THE BIG WHIZ WITHOUT

Posted by: Kevin Jones
06/07/11 8:43 am EST

The first NBA player, no actually the first athlete I ever fell in love with was Shaquille O’Neal.  Charismatic, powerful, goofy, entertaining and exuberant, Shaq’s image started to become imprinted into the brains of sports fans and then in time, the world.  At first it was Kazam, then it was hilarious bleeped out locker room interviews and ultimately the image of O’Neal screaming “Can you dig it?!” during championship parades in L.A.

His thundering style of play around the basket was something the NBA needed to fill the void of Moses Malone, Bill Russell and Wilt Chamberlain.  Shaq was something you couldn’t stop watching.  We here at Philadunkia tip our caps to Shaq on what is no doubt a Hall of Fame career.  He is a true original on and off the court. 

Yet, as amazing has his career ended up being, Shaquille O’Neal was bested by our 76ers a fair share of times.  And since this is still a very dedicated and loyal 76ers site, we’re going to honor Shaq’s career as only we could. 

After hitting the books on some NBA history we came up with the top five moments in which the Sixers got the best of the NBA’s original “Superman”.

5)  April 8, 1995– An NBA season without Michael Jordan would grant Shaq his first Finals trip in only his third season in the League.  And boy was it ever a season.  Shaq averaged 29.3 – second highest total in his career – and posted 40 points or more in nine games — almost 11 percent of the time.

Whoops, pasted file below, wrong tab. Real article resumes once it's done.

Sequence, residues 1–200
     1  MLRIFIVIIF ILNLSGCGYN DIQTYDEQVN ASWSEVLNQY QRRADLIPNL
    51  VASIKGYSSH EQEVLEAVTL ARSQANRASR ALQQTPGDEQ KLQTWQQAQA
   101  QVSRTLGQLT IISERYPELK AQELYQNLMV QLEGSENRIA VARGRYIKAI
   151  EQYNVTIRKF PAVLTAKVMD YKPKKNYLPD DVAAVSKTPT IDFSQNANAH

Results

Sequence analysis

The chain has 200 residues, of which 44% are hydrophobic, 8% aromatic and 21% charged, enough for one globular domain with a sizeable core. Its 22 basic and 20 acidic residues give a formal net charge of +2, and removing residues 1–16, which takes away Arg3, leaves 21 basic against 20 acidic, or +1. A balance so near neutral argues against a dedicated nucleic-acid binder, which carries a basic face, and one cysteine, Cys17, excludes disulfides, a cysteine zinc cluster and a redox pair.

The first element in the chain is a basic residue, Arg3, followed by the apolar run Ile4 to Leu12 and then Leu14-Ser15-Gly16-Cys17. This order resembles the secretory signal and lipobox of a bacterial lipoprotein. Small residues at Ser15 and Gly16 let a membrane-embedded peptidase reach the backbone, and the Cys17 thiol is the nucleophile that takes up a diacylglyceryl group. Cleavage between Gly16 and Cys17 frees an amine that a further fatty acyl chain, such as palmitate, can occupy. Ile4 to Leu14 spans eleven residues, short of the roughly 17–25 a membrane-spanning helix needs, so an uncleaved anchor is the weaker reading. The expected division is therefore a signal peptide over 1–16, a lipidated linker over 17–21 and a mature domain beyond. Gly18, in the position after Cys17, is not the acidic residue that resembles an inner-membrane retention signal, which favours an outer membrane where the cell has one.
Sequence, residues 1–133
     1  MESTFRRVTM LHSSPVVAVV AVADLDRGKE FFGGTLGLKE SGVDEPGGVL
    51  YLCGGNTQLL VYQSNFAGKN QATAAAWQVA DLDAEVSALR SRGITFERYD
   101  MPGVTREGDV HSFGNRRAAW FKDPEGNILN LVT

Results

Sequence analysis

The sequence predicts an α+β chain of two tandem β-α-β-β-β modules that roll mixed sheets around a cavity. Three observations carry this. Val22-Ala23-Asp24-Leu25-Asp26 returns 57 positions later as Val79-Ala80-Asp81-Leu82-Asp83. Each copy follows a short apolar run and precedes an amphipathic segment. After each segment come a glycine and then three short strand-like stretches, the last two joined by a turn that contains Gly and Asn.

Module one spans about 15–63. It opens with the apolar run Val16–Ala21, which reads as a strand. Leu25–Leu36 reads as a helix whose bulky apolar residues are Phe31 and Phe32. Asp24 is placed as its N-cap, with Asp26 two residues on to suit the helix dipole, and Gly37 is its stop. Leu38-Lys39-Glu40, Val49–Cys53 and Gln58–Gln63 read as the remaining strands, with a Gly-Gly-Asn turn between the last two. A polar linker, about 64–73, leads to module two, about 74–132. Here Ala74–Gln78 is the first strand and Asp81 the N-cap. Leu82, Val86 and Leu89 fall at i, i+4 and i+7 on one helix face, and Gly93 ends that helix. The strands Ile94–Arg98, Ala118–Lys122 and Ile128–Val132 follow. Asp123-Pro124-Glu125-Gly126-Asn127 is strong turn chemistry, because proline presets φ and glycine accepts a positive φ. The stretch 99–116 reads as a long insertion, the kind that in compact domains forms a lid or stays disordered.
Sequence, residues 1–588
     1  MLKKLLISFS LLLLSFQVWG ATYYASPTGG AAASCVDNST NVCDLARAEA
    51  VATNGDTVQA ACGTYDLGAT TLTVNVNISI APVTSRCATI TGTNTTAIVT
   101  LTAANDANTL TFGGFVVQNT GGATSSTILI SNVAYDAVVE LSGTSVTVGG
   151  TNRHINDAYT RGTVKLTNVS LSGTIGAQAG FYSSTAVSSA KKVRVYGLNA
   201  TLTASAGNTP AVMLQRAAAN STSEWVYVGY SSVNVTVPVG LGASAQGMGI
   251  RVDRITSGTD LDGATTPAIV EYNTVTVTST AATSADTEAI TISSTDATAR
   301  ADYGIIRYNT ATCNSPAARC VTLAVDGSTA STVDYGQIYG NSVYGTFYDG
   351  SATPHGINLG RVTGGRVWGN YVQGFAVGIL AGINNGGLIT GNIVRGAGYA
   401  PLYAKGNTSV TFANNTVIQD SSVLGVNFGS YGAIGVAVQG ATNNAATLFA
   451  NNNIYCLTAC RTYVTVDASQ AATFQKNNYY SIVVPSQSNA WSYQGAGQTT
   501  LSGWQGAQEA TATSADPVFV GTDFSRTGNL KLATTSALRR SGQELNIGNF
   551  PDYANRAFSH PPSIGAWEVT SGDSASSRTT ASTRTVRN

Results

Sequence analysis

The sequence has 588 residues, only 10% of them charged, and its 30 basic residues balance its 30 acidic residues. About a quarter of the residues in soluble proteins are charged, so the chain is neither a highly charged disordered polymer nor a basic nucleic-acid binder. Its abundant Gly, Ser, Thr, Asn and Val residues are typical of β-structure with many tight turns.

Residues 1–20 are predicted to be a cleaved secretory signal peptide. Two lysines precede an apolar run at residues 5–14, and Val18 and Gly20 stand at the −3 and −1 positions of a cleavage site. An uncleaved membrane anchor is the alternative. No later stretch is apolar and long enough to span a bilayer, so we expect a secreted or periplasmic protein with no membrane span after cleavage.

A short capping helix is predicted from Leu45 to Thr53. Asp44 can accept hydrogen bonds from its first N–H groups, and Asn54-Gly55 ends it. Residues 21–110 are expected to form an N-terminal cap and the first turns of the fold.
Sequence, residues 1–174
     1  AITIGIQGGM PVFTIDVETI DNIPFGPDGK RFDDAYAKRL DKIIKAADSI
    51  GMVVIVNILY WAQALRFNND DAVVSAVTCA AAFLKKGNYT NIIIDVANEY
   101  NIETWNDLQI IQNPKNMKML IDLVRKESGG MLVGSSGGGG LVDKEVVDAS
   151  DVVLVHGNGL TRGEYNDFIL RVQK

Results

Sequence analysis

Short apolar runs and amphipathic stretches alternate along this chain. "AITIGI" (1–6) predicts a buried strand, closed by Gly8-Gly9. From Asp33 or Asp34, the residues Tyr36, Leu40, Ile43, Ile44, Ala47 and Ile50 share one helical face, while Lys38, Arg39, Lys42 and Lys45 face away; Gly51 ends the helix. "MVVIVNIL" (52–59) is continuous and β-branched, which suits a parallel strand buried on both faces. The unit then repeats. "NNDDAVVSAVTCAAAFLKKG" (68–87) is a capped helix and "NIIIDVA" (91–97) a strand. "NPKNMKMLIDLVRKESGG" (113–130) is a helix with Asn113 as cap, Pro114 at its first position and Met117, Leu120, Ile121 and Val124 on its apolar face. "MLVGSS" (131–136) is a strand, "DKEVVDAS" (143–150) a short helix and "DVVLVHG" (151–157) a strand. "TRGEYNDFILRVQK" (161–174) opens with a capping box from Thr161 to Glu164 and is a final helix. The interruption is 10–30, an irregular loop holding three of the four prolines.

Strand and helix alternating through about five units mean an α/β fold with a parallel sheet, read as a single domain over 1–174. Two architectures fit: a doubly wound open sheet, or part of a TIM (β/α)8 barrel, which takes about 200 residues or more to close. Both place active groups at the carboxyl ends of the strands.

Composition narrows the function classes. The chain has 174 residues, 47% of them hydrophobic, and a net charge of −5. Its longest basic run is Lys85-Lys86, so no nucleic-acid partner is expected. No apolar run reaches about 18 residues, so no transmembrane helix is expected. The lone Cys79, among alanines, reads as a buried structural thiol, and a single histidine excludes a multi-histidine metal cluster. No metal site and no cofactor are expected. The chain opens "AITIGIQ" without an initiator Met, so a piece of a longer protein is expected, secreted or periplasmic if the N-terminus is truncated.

Somehow though, the abysmal 1994-95 Sixers team (finishing 24-58 under then head coach John Lucas) got the best of Orlando on this night.  The 7-6 stifled the Magic in the fourth, holding Orlando to just 12 points in the quarter.  Dana Barros erupted for a triple-double scoring 25 points, dishing out 15 dimes and hauling down 11 rebounds.  Even rookie big man Derrick Alston poured in 22 points, and this is coming from a guy who was out of the League after three seasons.

4)  January 27, 2002– A rematch of the 2001 NBA Finals had the defending champions leaving the City of Brotherly Love with their heads hung low.  By this point Iverson’s 29 spot was not out of the usual and again it did trump both Shaq (26) and Kobe (20).  But the Sixers won this one thanks to Dikembe Mutombo’s 13 points (6-of-8 shooting) and 18 rebounds as opposed to Shaq’s measly 11 boards.

The Sixers out-boarded the mighty Lakers 54-42 and were also helped out by Derrick Coleman’s 18 and 10.  The Lakers were limited on the line, only making 12-of-18 free throws as opposed to the Sixers 24-for-29 conversion rate.  In the height of the ‘Hack-A-Shaq’ days, O’Neal was 4-of-9 from the line.  The Sixers suffered that ever-so-present NBA finals hangover this season though and were ousted by the Celtics in round one of the playoffs.